National news events spur many thoughts

Published 9:56 am Tuesday, June 23, 2015

It’s not too often I get wrapped up in national news like I have this last week as I have followed the developments about the two escaped prisoners from New York and the shooting of nine people at a historically black church in Charleston, South Carolina.

As I am typing this, it appears there may have been a break in the case of the escaped prisoners. Authorities have stated that items found inside a burglarized hunting cabin in upstate New York may be linked to the convicted killers. The cabin was about 20 miles west of the prison, and authorities have sent the items off for DNA testing.

The escape and the subsequent search have reminded me of something you would see in a movie. Not only is it crazy that these two prisoners were able to escape but also that there were possibly staff at the prison who helped them get away with it.

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Hundreds of law enforcement officers have gone from door to door checking homes and are looking in wooded areas and campgrounds.

Hopefully, it’s only a matter of time before these two men are found — and without any potential injury to officers or to members of the public.

The Charleston shooting brought me back to when I lived on the East Coast in Virginia for most of my childhood and for a year when I lived in South Carolina.

We recognized even as children that racial disparities still exist, but I gratefully was never exposed to someone like 21-year-old Dylann Roof, who has reportedly admitted to the killing of the nine people in the Charleston church.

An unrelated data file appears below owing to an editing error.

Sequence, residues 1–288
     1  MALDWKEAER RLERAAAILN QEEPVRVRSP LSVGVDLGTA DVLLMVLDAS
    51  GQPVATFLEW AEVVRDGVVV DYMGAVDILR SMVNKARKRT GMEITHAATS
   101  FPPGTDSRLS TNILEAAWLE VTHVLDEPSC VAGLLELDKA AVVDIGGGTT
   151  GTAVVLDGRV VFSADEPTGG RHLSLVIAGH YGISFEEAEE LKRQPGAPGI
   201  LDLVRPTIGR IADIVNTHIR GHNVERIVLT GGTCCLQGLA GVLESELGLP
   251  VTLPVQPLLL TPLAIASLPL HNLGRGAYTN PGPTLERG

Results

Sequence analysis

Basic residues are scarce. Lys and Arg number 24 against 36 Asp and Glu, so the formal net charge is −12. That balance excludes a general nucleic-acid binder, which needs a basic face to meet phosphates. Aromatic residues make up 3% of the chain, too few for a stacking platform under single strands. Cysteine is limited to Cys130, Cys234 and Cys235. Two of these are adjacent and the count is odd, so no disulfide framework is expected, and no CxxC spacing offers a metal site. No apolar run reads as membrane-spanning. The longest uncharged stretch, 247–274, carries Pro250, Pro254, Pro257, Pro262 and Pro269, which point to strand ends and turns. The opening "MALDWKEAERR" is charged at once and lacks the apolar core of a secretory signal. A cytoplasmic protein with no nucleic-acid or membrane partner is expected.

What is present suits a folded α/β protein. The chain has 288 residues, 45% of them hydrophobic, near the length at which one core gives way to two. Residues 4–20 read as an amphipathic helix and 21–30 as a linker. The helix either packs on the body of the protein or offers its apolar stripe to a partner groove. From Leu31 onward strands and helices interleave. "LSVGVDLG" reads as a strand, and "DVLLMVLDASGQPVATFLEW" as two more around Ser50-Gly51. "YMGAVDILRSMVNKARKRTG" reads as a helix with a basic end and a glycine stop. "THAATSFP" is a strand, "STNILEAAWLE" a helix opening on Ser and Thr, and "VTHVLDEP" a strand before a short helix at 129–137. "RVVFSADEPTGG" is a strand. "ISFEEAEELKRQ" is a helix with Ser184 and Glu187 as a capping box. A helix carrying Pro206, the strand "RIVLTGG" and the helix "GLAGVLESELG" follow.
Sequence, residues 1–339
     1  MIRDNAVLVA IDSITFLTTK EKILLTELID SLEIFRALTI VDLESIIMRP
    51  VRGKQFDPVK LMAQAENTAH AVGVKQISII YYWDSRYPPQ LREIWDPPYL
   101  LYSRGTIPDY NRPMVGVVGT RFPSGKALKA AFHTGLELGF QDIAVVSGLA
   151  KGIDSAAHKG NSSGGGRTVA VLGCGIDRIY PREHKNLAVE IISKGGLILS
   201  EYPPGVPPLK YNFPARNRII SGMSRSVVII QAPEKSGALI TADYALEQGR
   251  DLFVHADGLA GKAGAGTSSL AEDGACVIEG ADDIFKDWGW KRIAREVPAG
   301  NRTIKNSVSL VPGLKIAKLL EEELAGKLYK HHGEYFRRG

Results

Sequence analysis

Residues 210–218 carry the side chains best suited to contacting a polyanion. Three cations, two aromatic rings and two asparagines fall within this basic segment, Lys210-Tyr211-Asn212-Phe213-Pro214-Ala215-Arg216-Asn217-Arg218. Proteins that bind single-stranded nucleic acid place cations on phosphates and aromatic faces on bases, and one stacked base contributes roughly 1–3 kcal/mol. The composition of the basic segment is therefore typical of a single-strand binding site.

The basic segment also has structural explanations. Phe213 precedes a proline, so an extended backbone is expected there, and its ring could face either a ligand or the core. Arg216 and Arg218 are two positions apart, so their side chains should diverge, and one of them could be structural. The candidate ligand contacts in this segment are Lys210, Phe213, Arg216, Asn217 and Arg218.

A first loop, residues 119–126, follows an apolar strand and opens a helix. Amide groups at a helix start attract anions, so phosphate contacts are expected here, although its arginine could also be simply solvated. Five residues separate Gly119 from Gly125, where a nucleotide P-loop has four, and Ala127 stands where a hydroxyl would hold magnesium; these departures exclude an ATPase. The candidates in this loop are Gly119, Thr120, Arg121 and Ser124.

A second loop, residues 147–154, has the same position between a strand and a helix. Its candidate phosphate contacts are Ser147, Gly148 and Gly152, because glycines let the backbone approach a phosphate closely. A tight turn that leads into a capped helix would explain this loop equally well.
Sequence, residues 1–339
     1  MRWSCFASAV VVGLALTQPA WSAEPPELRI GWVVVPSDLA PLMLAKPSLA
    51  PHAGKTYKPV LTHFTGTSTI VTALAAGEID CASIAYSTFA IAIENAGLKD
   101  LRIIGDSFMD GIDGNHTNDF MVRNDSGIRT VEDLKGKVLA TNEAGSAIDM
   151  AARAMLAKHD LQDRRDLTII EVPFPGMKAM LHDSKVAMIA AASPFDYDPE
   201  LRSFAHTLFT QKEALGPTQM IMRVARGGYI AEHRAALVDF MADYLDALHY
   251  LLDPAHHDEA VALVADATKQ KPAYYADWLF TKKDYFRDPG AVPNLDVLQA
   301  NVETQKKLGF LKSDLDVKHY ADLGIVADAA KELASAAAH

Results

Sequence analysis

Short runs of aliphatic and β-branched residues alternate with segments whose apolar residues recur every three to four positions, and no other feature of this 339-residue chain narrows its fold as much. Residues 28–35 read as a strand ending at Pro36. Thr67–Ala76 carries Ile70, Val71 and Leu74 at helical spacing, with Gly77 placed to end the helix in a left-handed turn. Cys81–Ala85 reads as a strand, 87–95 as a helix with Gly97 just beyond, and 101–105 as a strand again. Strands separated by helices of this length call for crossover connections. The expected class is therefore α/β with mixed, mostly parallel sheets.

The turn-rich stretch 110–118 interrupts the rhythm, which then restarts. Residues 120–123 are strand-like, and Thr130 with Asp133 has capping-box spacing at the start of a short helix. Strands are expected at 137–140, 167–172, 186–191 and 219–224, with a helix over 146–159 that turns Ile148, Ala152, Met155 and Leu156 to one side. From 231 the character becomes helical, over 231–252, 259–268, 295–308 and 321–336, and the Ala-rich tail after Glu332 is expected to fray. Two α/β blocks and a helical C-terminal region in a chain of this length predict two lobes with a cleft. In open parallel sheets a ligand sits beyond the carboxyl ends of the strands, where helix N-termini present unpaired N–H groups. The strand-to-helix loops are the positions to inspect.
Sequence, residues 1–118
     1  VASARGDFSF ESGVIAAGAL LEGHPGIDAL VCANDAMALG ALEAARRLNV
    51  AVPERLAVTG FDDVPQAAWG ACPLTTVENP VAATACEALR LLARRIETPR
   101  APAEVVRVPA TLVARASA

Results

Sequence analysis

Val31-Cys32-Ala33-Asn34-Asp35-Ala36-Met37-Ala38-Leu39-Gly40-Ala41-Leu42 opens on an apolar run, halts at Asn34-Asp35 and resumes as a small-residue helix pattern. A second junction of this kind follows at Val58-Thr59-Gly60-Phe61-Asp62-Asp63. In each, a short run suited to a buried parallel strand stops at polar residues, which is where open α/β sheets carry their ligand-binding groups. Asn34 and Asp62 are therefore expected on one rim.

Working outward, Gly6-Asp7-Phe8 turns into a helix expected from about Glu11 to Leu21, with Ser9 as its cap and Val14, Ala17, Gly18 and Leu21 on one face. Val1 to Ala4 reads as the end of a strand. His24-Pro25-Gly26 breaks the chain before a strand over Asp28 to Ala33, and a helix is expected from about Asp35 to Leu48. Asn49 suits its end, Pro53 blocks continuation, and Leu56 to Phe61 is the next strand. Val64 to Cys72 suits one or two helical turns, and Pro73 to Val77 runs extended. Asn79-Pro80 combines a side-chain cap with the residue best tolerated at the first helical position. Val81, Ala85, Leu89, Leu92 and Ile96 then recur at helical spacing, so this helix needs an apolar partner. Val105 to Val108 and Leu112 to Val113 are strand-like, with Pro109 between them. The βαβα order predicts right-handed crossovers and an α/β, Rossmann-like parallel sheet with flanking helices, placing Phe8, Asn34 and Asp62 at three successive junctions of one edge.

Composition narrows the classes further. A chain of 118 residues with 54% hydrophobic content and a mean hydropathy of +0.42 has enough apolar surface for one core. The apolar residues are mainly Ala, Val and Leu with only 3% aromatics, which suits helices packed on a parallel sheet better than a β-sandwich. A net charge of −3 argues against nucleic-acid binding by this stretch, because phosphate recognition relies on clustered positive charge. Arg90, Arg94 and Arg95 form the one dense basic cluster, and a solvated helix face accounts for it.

Roof reportedly embraced the Confederate flag as a symbol of white power, and the deaths have since spurred controversy about whether the flag should be removed from the statehouse.

I recall in high school there were students who had a Confederate flag hanging in the back of their pickups or who wore T-shirts with it on there. I wonder if they knew the history of that flag. While some view it as a symbol of Southern ancestry and heritage, others view it as a symbol of racism. At one point it has even been associated with the Klu Klux Klan.

In the Charleston shooting, some are pointing fingers toward racism and some are pointing fingers toward mental illness. Others are bringing up gun control.

Whatever the answer may be, I think we can all agree that it is a horrible tragedy, and hopefully we will be able to learn some lessons from this.

Though Albert Lea is not immune to crime, I am grateful that generally speaking we have less major crime than what is found in larger cities.

For some reason though I can’t help but watch what is unfolding on a national level.


Sarah Stultz is the managing editor of the Albert Lea Tribune.